Toshimaru's Blog

[Go]Comma OK Idiom

Have you ever seen Go code like this?

if seconds, ok := timeZone[tz]; ok {
    return seconds
}

This is called “comma ok” idiom.

For obvious reasons this is called the “comma ok” idiom.

via. Effective Go - The Go Programming Language

Simple Map

Let’s take a deeper look.

var timeZone = map[string]int{
        "UTC": 0 * 60 * 60,
        "EST": -5 * 60 * 60,
        "CST": -6 * 60 * 60,
        "MST": -7 * 60 * 60,
        "PST": -8 * 60 * 60,
}
var val1 = timeZone["PST"]
var val2 = timeZone["invalid"]
fmt.Printf("val1: %d val2: %d\n", val1, val2)

The output is:

val1: -28800 val2: 0

If the key is found in map, it returns the value, otherwise, it returns zero value - in this examaple it returns 0.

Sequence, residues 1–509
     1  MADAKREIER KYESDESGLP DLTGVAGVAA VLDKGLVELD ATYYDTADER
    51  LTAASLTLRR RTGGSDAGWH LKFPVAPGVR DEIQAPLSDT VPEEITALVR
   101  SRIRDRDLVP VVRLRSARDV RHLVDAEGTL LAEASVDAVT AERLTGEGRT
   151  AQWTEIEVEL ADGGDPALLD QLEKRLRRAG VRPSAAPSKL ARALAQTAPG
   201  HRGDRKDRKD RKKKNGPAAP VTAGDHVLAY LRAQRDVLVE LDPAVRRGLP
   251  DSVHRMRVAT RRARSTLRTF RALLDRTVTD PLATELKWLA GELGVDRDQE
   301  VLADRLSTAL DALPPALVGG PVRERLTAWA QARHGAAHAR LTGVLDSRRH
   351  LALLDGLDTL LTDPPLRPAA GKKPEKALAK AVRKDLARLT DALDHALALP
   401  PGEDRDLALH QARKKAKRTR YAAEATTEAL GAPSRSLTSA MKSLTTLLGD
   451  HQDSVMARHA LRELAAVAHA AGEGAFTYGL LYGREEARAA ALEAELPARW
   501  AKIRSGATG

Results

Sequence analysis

Multiple Assignment

How about multiple assignment? let’s see an examaple.

var val1, ok1 = timeZone["PST"]
var val2, ok2 = timeZone["invalid"]
fmt.Printf("val1: %d ok1: %t val2: %d ok2: %t\n", val1, ok1, val2, ok2)

The output is:

val1: -28800 ok1: true val2: 0 ok2: false

If the key is found in map, it returns the value with true, otherwise, it returns 0 with false.

comma ok idiom

Let’s back to the first exmaple:

if seconds, ok := timeZone[tz]; ok {
    return seconds
}

This means that if the key(tz) is found in timeZone map, it returns seconds with true(ok).

This idiom is handy when you’d like to configure fallback value:

if seconds, ok := timeZone[tz]; ok {
    return seconds
}

log.Println("unknown time zone:", tz)
return fallbackValue